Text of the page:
Monks: a Short Riff on Hemingway and Porter

        We always talk about work, whether we each can tolerate our individual job or if we should try something new. Since we don’t know anyone who has what sounds from the outside like a dream job, we opt for tolerance. I spent a lot of time talking about lost opportunities. I always seemed to be in love with one woman when I could have been having fun with several.

        He told me the story of a third member of our tribe trying to get him to participate in a threesome. I pretended like I’d never heard it happened. In truth, some new details emerged. As he spoke, I looked over his shoulder to watch the cook through the service window. She was cute, rangy but in a graceful way. She looks really young. They all do.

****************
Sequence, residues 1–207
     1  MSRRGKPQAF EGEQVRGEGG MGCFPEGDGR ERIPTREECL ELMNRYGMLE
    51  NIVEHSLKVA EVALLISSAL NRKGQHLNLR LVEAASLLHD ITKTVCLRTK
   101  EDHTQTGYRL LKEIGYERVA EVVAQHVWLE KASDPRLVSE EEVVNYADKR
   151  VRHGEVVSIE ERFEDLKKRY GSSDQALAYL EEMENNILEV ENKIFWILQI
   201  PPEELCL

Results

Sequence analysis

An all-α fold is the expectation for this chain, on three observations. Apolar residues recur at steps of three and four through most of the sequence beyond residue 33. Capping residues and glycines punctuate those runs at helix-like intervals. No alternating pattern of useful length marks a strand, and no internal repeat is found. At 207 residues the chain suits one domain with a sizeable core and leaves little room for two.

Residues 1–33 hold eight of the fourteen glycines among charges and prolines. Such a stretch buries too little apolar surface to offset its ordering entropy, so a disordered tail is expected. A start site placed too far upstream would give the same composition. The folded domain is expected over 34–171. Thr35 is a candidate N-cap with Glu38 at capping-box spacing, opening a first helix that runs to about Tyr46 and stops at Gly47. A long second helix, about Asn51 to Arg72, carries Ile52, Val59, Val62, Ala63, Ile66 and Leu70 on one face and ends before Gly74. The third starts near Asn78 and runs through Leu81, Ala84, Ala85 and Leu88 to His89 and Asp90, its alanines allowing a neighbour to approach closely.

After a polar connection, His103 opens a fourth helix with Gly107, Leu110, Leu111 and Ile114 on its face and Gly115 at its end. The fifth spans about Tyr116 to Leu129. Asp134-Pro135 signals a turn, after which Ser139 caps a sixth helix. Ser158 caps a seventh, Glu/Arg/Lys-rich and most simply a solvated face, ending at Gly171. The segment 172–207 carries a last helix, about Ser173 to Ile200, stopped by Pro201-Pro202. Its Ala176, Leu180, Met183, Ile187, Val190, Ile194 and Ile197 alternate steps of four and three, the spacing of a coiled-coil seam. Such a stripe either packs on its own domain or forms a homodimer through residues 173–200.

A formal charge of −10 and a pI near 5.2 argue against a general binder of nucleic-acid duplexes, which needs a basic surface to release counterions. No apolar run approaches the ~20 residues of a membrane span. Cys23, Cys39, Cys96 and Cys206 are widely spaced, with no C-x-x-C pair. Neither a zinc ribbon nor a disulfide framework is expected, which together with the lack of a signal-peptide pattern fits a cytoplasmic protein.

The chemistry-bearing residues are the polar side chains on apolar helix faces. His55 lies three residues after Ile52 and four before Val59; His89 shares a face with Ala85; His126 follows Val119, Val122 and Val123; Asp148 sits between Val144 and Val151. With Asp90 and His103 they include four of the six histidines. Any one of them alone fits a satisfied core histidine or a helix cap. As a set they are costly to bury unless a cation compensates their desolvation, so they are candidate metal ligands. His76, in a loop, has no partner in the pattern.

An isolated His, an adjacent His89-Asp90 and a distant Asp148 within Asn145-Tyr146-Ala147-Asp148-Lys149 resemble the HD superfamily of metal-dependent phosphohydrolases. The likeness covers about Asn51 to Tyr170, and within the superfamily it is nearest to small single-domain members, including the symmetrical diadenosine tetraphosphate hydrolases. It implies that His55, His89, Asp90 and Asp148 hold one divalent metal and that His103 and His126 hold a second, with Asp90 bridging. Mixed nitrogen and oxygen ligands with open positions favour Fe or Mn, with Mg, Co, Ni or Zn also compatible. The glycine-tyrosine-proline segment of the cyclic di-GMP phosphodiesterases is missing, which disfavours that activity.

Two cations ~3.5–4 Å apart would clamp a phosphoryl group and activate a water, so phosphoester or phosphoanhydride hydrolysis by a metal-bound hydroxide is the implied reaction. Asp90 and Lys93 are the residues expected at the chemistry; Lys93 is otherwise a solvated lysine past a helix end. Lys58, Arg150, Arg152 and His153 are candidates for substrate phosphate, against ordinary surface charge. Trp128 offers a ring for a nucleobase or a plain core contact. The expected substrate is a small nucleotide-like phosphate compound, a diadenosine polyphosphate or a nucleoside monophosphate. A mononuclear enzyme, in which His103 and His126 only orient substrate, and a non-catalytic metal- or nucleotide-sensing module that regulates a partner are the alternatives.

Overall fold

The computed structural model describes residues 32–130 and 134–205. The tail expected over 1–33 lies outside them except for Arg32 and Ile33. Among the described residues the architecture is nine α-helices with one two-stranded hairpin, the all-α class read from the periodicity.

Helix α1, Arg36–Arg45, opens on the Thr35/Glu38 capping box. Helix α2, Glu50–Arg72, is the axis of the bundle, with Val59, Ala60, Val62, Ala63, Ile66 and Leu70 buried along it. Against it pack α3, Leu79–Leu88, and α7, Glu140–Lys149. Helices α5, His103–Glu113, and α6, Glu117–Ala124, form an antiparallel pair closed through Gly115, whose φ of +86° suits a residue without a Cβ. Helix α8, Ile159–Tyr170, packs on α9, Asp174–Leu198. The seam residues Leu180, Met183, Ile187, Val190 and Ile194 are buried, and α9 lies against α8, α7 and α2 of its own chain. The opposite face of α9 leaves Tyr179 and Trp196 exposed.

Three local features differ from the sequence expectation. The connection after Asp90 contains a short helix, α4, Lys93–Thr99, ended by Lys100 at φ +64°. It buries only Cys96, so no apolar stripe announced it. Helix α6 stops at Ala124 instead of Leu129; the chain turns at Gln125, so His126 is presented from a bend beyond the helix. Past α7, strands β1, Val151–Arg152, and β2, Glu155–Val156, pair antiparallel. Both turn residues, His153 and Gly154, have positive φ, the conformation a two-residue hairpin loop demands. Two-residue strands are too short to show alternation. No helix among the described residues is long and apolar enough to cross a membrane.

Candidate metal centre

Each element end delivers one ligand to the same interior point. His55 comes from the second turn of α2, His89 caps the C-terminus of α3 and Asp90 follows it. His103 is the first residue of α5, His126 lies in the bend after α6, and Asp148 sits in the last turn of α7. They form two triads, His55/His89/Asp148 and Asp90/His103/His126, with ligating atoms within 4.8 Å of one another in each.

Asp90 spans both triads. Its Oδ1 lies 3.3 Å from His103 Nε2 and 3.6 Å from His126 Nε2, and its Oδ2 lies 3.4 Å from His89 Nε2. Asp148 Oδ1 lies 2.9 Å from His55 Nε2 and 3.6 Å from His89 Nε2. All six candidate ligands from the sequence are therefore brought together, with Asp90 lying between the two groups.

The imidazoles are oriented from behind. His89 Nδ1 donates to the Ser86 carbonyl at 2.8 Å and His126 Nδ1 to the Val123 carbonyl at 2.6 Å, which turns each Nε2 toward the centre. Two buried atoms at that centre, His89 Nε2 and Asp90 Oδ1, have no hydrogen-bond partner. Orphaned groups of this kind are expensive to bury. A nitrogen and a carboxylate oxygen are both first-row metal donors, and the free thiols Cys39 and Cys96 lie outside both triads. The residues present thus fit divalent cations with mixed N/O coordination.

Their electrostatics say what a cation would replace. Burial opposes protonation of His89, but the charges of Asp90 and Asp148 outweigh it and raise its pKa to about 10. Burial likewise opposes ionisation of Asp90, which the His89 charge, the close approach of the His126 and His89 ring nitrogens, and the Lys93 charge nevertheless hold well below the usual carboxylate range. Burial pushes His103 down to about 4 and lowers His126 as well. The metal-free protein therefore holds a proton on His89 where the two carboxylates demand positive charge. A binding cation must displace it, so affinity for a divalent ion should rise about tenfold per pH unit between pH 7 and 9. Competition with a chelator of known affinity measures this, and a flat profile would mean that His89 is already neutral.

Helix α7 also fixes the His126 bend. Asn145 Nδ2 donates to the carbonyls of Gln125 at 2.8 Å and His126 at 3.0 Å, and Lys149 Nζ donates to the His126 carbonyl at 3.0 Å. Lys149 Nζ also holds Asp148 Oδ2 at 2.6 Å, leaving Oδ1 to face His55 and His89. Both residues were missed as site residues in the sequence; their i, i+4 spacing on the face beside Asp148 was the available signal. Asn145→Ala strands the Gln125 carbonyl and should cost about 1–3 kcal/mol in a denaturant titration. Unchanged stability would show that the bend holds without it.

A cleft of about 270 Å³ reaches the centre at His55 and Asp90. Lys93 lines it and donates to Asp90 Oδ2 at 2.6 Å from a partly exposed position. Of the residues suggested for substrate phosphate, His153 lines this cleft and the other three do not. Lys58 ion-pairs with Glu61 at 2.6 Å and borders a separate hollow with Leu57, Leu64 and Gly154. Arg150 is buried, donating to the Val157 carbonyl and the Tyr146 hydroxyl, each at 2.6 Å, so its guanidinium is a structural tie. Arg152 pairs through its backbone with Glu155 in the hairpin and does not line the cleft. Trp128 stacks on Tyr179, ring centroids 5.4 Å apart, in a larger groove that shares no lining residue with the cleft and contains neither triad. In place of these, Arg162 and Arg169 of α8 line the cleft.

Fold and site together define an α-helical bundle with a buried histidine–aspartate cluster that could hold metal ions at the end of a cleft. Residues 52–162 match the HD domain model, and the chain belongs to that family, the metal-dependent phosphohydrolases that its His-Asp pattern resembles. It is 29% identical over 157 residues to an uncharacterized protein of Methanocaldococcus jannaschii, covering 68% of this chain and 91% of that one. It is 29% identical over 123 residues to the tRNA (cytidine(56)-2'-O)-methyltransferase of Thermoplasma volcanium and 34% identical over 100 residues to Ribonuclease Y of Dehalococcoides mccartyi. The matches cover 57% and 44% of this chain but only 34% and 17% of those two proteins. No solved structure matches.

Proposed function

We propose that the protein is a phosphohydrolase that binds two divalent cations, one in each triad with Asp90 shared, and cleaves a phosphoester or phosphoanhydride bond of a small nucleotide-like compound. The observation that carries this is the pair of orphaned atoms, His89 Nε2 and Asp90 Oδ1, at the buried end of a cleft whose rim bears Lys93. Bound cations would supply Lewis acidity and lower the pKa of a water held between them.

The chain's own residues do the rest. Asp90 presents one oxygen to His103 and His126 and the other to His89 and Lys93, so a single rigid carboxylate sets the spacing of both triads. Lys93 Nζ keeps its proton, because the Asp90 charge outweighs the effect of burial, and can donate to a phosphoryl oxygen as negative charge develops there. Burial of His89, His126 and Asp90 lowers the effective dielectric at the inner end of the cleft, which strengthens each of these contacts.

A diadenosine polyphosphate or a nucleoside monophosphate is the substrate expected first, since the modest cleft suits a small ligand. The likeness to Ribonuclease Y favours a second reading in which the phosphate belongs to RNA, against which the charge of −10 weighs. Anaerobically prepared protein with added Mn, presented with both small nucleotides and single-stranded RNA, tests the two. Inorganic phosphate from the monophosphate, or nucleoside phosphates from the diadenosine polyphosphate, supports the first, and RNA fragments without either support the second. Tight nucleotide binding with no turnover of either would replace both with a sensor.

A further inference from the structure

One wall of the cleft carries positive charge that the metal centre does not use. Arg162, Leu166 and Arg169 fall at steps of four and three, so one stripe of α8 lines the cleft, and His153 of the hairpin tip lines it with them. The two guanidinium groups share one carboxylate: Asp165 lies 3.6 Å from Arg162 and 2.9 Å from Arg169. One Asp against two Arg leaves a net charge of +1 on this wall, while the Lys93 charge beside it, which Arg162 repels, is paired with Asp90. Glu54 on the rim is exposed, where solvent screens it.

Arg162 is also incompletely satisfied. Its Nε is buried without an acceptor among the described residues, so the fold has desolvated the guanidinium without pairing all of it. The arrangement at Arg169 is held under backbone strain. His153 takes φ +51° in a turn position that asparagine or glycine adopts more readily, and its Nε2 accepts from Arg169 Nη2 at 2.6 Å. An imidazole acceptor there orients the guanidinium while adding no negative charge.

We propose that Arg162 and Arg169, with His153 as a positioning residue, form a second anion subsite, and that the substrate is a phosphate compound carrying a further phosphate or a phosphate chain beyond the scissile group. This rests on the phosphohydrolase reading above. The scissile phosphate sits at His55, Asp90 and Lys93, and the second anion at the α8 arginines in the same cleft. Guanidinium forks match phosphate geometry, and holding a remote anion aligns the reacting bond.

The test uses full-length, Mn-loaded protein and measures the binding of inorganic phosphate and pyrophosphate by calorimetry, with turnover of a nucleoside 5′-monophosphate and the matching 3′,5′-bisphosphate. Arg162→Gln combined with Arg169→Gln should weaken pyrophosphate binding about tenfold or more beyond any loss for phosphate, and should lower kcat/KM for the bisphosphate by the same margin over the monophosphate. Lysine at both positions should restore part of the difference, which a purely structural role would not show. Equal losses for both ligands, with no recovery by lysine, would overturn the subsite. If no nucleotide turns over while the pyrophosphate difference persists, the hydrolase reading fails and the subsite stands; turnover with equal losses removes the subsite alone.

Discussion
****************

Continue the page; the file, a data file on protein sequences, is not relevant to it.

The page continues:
We were talking about the woman, the mistress, the third, about whether we should feel sorry for her. I feel sorry, I said, for anyone on the decline. Women have it especially bad. Just imagine part of what makes you special, a large part, a majority, is your youth and your beauty. Only you never fully realize how major a part youth and beauty are playing until yours are on the wane.

        “It would be like coming up with a program for success, having it work really well for years, only to realize that the program you’ve been following is actually useless because your success stems from the fact that you happen to be a genius—and the way you discover this is that you start becoming less and less successful because for whatever reason your genius is fading.”